Learning lessons from Carillion’s collapse



(Title Image: Metro)

The Issue

The final backbench members debate of the year was on the subject of PFI contracts, in particular Carillion – the PFI giant which collapsed in January 2018.

In shorthand, PFI is “mortgage” type funding arrangement where a private company builds something (like a school, road or hospital) and is then paid each year for a set amount of time (i.e. 30 years) by governments or councils to maintain it before it reverts to public ownership. Carillion gobbled up lots of these contracts and when they collapsed it caused significant problems in England.

Wales hasn’t had as much exposure to these deals as PFI was rejected under Rhodri Morgan’s “Clear Red Water” doctrine, but active PFI contracts in Wales still exist and cost Welsh public authorities about £100million a year to pay off.

There’s a detailed briefing from the Member’s Research Service.

The Motion

The Senedd:

  • Notes the report of the House of Commons joint inquiry on the lessons to be learned from the collapse of Carillion.
  • Acknowledges the (English) National Audit Office report on NHS England’s management of the primary care support services contract with Capita.
  • Calls on the Welsh Government to publish an analysis on the lessons for Wales from these two reports.

Key Points

Lee Waters AM (Lab, Llanelli)
For (the motion): There’s a danger in relying on “too big to fail” corporate monoliths.

  • Report quote: “Carillion’s rise and spectacular fall was a story of recklessness, hubris and greed. Its business model was a relentless dash for cash, driven by acquisitions, rising debt, expansion into new markets and exploitation of suppliers.”
  • The botched delivery of back-office functions by Capita for English GPs “could have put lives at risk” according to the English National Audit Office.
  • The Carillion and Capita scandals are a result of inadequate internal and external checks and balances; they became “regulatory time bombs”.
  • Budget pressures mean decisions are taken too quickly; Capita already delivers contact centre and control room operations for South Wales Police, which are partly automated. If this continues to happen automation will be seen as cover for cuts, not to improve public services.

Dr Dai Lloyd AM (Plaid, South Wales West)
For: “Private outsourcing of a complex public service only ends in tears.”

  • Business support for GP practices is incredibly complex; GPs are independent contractors paid by the number of patients they see and treatments they provide.
  • Business support managers in primary care are often “amazingly experienced” and their functions can’t be neatly packaged together and sold as in England, which resulted in the loss of decades of experience.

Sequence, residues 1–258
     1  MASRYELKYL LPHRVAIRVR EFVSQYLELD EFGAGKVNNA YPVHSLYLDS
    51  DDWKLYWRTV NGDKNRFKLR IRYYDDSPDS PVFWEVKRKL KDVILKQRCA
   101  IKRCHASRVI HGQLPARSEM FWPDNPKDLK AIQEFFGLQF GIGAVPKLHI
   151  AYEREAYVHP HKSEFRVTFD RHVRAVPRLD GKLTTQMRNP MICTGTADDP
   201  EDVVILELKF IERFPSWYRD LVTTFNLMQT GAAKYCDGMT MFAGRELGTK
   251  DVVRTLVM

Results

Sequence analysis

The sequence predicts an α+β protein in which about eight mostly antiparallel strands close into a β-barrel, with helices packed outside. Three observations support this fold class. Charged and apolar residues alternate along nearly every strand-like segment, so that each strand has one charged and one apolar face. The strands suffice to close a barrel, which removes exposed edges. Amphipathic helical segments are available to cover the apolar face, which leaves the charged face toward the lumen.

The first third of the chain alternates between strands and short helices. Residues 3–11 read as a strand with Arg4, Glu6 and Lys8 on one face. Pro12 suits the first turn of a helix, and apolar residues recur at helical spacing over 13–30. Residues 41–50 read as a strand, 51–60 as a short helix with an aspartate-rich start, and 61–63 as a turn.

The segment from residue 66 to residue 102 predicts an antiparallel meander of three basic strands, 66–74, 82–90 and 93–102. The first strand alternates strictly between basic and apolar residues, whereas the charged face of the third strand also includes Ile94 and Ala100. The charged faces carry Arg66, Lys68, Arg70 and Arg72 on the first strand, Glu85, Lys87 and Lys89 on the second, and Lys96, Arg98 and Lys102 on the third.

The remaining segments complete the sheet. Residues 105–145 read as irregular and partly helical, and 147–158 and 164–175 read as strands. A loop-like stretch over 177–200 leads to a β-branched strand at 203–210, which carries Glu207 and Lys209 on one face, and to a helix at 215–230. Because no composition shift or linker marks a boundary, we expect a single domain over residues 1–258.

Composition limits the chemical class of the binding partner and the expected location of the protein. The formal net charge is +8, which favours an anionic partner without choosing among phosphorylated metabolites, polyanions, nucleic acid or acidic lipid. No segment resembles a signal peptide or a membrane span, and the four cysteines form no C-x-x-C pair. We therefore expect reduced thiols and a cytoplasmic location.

• If only a small detail is missed it could hamstring a GP practice for days.

Jenny Rathbone AM (Lab, Cardiff Central)
For: Break up the “Big Four” audit cartel

  • Capita is responsible for assessing women with vaginal meshes to decide if they were eligible for disability on behalf of the UK Department of Work & Pensions; many were flatly denied home assessments and mobility allowance even if they have mobility problems or incontinence.
  • Auditors should be held accountable for their actions; they’re often paid by the company they’re auditing and the “Big Four ” auditing/accounting firms effectively operate as a cartel.
  • We need to remember that Abellio was in the running to run the next Wales rail franchise but had to withdraw following their Carillion’s collapse (their infrastructure partner).

Neil Hamilton AM (UKIP, Mid & West Wales)
For: This isn’t a new problem.

  • It’s not clear why the UK Government’s Crown Commercial Service didn’t do anything to stave off Carillion’s collapse despite profits warnings.
  • The problem of “creative accounting” go back at least 25 years to when he was a Corporate Affairs Minister and came across similar problems which led to the collapse of Polly Peck and others.
  • Governments have marketised services but haven’t actually created markets; what they’ve done is create regional monopolies where the company makes a profit but the taxpayer is still on the hook.

Mick Antoniw AM (Lab, Pontypridd)
For: This is what happens when you trust the free market.

  • Wages are stagnating as labour markets are transformed by outsourcing and automation, all the result of governments which have sold their soul to the free market.
  • The taxpayer will foot most of the bill for Carillion’s collapse.
  • Procurement in Wales should be based on ethical business standards, fair work and social justice.

Welsh Government Response

Finance Secretary, Mark Drakeford (Lab, Cardiff West)

  • Capita and Carillion have a presence in Wales so it’s right to debate these reports from England.
  • The likes of Capita are unfit and lack the relevant experience to discharge the responsibilities handed to them by the UK Government; public authorities that get things wrong are accountable, but nobody gets a vote to get rid of Capita and Carillion didn’t stand for election.
  • The UK Government kept propping up Carillion when the writing was on the wall.
  • Providers of public services should be obliged to provide details of supply chains, company ownership and governance structures.
  • Company directors should be liable for the actions of their companies. The Guardian: “Limited liability is supposed to encourage entrepreneurship. In Carillion’s case, it seems to have created a moral hazard”.

Vote

The motion was approved unanimously.

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